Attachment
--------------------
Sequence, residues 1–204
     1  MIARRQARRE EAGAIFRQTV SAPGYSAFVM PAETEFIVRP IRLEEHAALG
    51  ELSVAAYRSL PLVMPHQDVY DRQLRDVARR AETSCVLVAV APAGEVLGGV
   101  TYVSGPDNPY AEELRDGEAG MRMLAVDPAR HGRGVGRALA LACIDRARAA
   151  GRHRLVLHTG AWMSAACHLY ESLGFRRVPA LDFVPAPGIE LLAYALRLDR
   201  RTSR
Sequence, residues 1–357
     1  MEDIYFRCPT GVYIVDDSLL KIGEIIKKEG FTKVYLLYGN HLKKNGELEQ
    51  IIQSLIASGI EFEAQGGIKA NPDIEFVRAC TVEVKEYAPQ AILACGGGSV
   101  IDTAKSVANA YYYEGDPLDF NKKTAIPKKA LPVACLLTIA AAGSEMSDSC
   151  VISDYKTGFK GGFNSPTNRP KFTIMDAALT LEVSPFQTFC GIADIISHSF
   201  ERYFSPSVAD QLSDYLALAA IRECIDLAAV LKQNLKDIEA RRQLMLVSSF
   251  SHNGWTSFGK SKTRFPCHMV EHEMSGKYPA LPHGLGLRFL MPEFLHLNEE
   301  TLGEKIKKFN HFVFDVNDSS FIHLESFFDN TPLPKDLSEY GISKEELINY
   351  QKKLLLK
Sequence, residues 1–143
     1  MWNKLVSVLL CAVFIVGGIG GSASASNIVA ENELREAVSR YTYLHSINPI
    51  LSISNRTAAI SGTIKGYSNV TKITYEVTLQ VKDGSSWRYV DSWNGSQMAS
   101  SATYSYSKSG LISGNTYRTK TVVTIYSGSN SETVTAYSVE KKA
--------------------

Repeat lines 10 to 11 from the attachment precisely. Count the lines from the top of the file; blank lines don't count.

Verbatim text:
   101  IDTAKSVANA YYYEGDPLDF NKKTAIPKKA LPVACLLTIA AAGSEMSDSC
   151  VISDYKTGFK GGFNSPTNRP KFTIMDAALT LEVSPFQTFC GIADIISHSF